20 best genre fiction writers from other countries to expand your horizons

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10. Tsutsui Yasutaka

If the chilling revenants and haunting philosophies of Solaris are too much right now, then perhaps some dark humor and satire will hit the spot. While you’re at it, why not explore the work of one of Japan’s preeminent sci-fi authors and the founder of that country’s postmodern science fiction movement?

Tsutsui Yasutaka first began publishing in Japan in the 1960s, though his work wasn’t translated into English until 1990. That’s quite a shame, given that English-reading audiences were missing out for over 20 years on Tsutsui’s surreal, beautiful fiction.

His 1993 novel, Paprika, is probably most recognizable to Western audiences, thanks to the 2006 animated film adaptation of his novel by filmmaker Kon Satoshi. It also appeared in a late example of a serial novel, being published in four parts by Marie Claire magazine beginning in 1991. It’s also been adapted into two different manga versions.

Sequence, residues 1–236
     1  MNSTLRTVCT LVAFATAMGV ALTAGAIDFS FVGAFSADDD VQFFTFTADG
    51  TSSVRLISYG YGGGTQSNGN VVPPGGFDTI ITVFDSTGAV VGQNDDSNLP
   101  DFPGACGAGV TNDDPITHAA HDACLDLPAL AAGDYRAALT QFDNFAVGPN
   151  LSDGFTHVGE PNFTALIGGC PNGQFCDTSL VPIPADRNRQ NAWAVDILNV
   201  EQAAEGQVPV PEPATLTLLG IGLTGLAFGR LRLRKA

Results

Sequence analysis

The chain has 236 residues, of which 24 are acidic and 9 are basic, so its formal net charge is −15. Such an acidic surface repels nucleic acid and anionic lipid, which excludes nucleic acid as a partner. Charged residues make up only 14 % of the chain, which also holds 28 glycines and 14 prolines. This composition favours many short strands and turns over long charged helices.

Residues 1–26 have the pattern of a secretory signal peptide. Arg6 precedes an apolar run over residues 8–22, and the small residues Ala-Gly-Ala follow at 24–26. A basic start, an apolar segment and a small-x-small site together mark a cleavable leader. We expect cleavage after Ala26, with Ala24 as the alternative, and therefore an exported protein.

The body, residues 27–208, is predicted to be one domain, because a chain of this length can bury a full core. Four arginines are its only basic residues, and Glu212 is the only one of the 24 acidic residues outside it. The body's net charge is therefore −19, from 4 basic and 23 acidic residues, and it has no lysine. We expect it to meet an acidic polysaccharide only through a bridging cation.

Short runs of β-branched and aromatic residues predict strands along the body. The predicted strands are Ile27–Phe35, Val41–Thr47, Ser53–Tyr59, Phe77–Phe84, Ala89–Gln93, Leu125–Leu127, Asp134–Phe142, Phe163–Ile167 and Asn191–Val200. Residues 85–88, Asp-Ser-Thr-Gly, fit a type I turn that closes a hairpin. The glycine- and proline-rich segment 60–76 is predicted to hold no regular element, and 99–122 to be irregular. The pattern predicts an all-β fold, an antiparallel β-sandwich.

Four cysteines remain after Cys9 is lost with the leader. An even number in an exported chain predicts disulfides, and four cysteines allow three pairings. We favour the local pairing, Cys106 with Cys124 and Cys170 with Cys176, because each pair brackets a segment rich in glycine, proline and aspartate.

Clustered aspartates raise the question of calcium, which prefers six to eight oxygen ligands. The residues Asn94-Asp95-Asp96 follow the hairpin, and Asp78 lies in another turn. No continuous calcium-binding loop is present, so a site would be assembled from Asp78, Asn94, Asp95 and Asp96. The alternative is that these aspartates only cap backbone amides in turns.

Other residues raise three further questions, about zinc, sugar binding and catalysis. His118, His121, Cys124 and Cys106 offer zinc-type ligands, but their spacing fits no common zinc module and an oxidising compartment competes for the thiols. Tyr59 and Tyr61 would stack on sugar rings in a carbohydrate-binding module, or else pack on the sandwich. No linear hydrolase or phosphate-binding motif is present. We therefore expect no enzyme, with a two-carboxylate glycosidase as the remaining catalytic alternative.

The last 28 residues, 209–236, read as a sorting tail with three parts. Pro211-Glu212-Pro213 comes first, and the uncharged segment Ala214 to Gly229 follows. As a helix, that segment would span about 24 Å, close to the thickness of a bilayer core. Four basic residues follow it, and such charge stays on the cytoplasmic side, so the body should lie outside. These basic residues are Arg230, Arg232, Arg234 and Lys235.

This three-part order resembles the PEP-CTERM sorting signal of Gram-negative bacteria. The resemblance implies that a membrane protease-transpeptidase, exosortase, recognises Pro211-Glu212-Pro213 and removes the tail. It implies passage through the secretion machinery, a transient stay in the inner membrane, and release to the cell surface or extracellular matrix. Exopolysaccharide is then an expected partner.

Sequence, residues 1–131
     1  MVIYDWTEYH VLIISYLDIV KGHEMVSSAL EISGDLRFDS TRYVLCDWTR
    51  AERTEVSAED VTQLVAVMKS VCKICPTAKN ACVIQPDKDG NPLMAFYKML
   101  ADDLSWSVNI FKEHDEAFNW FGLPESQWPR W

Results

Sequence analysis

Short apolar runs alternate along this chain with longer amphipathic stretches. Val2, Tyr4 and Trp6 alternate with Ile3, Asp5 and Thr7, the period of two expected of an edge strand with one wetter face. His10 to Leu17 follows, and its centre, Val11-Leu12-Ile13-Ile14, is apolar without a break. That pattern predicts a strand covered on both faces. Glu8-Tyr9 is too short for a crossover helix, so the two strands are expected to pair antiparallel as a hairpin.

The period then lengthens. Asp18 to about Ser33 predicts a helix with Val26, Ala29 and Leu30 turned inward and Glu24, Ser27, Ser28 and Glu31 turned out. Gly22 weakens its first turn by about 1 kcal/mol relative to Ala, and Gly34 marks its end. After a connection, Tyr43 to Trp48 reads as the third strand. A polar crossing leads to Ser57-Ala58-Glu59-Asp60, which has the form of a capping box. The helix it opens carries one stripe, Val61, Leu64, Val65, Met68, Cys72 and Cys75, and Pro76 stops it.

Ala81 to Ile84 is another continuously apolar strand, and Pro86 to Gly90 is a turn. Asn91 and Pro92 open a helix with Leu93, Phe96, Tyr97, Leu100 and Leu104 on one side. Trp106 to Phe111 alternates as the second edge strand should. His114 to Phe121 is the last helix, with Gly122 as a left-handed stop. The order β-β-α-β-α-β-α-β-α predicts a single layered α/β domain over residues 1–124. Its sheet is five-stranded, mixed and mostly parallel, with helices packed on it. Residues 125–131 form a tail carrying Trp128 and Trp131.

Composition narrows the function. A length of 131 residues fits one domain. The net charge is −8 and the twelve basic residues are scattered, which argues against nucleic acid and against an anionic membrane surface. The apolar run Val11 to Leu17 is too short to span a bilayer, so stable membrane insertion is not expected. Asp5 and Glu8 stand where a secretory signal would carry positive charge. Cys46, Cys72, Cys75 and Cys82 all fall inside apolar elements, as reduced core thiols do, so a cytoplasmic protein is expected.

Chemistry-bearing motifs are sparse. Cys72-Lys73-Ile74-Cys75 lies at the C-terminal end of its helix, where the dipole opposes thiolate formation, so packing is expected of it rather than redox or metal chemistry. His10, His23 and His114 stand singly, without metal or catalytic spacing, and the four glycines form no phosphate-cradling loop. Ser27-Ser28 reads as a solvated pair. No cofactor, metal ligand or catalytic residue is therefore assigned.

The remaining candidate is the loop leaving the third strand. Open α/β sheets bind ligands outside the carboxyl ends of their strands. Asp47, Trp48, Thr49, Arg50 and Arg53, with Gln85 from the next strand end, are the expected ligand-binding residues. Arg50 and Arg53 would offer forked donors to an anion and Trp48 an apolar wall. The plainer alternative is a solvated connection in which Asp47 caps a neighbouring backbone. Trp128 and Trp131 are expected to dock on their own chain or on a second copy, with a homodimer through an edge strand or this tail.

Paprika deals, in short, with the surreal world of dreams and the often shaky basis of human perception. Within this fictional world, psychotherapists have developed a new form of treatment for mental disorders based on dream monitoring. Therapists don’t just watch a patient’s dreams, however; they can also directly intervene in the dreams as part of the therapeutic process.

Chiba Atsuko — whose dream alter ego is named Paprika — is one of the best practitioners in this field. She has to go beyond her medical world, however, when someone steals that device necessary to enter someone’s dreams. People being people, it’s not long before this thief begins to enact mind control schemes against others.